I think that it’s very hard to translate the energy of a live show into a virtual experience. We’ve been experimenting with different ways to do it. Diplo and I have been doing these Corona Sabbath performances as a tribute to the Secular Sabbath events my partner and I were doing pre-pandemic. I’ve been doing things that are not typical Rhye shows because I need around seven musicians on stage to get it right, so I’ve been experimenting with ambient music performances.
We recently did one in a church in downtown Los Angeles where we had a camera person following me around the church with Joel Shearer on guitar. It was all improv and super special. We’re trying to find a way to put it out that feels just as special.
Does not preforming for all this time emphasise your insecurities as an artist, and if so, what would be a good advice for other artists to keep on creating during a pandemic?
I don’t really have a lot of insecurities as an artist, to be frank. I don’t have a lot of inner judgements around music – I just try to go with what feels right intuitively. I don’t put music out if it doesn’t feel good. I’ve been making music for a long time and I feel like I know the world I operate in. I’ve been doing vocal improvs to broaden my skills and help me work on improvisations in pressure situations.
Your new album is titled Home. What were the thoughts behind the album name?
I was buying a home with my partner around working on this record. We bought the house pre-pandemic and that’s how I came up with the name. I always knew that the record would be called home, and although I understood it would likely feel as though it had a different meaning post-pandemic, it was important to me to keep the name and the original intention of the record.
You have collaborated with the Danish National Girls’ choir. Why did you choose that choir in particular for this album?
Because we did a concert together and I got to know them as a choir. I was so awestruck by their sound and ability, so I asked if they wanted to do a record and they generously agreed. With them agreeing, I really wanted to follow through and figure out a way to get them on the record because it was such a wonderful experience working with them the first time.
How is the process of creating yet another album that is so intimate? Where do you find the inspiration?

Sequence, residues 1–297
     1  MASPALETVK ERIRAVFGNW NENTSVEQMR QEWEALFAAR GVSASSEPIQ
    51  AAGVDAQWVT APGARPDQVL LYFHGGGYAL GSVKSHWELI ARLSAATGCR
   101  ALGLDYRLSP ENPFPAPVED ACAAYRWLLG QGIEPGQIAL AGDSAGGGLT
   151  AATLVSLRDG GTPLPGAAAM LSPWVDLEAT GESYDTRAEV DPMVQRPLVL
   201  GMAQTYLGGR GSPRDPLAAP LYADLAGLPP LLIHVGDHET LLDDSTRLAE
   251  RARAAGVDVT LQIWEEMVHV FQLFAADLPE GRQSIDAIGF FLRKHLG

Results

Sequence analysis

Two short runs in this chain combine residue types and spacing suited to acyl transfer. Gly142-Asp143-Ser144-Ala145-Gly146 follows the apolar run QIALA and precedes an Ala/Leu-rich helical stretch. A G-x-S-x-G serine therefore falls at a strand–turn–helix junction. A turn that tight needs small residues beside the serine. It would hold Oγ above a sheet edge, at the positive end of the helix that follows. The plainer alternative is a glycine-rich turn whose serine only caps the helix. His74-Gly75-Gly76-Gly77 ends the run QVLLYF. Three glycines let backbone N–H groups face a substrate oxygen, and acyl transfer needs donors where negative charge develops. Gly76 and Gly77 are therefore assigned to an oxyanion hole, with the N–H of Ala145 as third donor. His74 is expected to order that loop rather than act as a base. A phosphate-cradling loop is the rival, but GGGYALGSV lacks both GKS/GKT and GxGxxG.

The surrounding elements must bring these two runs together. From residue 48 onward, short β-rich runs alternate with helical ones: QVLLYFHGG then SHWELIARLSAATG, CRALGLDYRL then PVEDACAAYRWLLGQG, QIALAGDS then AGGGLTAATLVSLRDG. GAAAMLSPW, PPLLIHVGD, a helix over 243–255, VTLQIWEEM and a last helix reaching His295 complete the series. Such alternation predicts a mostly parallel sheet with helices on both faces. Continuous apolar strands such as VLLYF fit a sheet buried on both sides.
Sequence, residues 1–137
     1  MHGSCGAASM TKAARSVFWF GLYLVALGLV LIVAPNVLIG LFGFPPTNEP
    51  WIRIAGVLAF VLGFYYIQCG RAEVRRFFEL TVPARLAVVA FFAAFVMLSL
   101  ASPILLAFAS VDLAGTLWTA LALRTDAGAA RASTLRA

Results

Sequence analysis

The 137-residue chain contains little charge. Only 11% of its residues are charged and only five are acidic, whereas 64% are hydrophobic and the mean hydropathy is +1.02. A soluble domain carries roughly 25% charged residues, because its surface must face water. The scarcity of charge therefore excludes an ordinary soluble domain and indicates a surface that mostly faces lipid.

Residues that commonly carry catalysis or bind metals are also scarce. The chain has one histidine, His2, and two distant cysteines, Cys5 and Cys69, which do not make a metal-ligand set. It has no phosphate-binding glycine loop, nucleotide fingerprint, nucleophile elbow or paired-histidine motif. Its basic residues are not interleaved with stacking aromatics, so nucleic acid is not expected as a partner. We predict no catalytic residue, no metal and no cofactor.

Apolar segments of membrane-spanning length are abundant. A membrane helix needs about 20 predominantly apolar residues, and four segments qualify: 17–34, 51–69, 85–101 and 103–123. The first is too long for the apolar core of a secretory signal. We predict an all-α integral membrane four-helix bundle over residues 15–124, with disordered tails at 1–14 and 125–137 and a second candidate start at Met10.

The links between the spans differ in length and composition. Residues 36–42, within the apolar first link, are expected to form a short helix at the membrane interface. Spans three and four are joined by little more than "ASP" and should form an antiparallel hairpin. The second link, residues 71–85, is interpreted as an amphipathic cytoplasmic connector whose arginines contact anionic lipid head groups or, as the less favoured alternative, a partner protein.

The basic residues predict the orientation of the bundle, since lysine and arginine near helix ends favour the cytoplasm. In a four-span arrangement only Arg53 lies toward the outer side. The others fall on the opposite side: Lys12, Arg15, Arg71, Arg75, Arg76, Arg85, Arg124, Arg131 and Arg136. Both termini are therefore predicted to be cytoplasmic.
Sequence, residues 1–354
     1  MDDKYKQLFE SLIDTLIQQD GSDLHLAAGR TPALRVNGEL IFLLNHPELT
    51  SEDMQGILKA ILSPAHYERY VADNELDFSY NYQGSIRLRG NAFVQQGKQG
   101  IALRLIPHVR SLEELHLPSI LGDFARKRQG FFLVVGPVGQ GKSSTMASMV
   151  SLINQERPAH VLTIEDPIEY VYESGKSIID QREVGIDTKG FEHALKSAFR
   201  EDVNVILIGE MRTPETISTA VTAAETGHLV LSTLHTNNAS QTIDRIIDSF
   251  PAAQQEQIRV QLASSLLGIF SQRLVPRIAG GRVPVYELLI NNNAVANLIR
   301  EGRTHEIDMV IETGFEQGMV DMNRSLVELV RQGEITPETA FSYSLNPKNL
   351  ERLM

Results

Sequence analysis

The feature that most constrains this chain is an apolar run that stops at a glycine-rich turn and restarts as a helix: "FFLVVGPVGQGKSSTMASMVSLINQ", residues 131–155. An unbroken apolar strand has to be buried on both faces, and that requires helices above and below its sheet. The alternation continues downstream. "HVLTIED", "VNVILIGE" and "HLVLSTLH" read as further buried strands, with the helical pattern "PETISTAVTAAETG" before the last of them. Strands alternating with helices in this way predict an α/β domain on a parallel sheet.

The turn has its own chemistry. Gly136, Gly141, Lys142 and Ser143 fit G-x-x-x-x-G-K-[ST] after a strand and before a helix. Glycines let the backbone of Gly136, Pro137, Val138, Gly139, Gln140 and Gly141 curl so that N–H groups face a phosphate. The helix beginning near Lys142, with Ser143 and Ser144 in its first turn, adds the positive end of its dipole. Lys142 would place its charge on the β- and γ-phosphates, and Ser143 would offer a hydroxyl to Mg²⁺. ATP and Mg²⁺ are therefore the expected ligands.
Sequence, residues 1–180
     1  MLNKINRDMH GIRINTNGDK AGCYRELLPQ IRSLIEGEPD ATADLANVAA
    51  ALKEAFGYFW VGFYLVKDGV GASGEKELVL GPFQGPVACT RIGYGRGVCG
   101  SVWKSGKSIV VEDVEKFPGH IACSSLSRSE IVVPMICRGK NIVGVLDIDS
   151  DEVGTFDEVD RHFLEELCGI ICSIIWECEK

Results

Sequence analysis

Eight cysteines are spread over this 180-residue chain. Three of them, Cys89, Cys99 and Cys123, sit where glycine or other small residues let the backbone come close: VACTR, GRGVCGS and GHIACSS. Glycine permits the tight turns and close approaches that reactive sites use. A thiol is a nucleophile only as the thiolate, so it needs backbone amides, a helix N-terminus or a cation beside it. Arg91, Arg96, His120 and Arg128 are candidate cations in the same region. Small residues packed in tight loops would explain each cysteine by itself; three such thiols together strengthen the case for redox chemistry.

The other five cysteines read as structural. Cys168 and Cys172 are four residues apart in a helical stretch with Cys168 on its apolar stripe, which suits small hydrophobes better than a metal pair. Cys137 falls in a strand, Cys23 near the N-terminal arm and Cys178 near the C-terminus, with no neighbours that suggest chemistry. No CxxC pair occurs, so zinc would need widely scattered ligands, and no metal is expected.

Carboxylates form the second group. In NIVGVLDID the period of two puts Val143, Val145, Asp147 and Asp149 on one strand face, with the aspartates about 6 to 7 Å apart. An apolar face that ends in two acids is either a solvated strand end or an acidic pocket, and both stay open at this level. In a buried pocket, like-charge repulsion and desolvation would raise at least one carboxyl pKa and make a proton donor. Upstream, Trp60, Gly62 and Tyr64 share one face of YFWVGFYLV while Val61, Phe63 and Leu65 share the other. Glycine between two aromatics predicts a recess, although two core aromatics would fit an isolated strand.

I mainly find inspiration within my own life and what’s actually going on in my life and then I turn that into music.
Are the submissive undertones a coincidence for the cohesiveness of the album or is it a chosen underlining theme? Lyrically I’m referring specifically to Safeword and Sweetest Revenge.
I wouldn’t say I found those tracks to be submissive. For example, Sweetest Revenge is a song about how when your angry, instead of stewing in that anger with a person, the best revenge is to actually move on and live a good life not focusing on that person. It’s not submissive as much as it is about positive empowerment.
You stated a while back that you have somewhat of a piano ritual. You made it a thing to play the piano every day, before breakfast. I bet it’s a wholesome way to retreat from the chaos of today. Is this still part of your daily routine?
I try to play the piano as much as I can to improve and keep the mind and hand connection going. I enjoy playing outside of the formal session environment.
If so, have you had any epiphanies during this meditative ritual?
Yes, definitely. I’m constantly drawn to B-flat and I’m trying to fight that. It’s that I don’t consider myself a piano player, but I really love playing the piano.
You mention that you reject a lot of the technical advancements of today. Why is that?
I’m interested in music that is incredibly human. A lot of the technology associated with music today pulls you away from being human. I love real instruments, but it’s not like I’m an anti-technologist; I like to use technology to bring out the beauty of those real instruments and voices. That being said, I don’t do a lot of editing.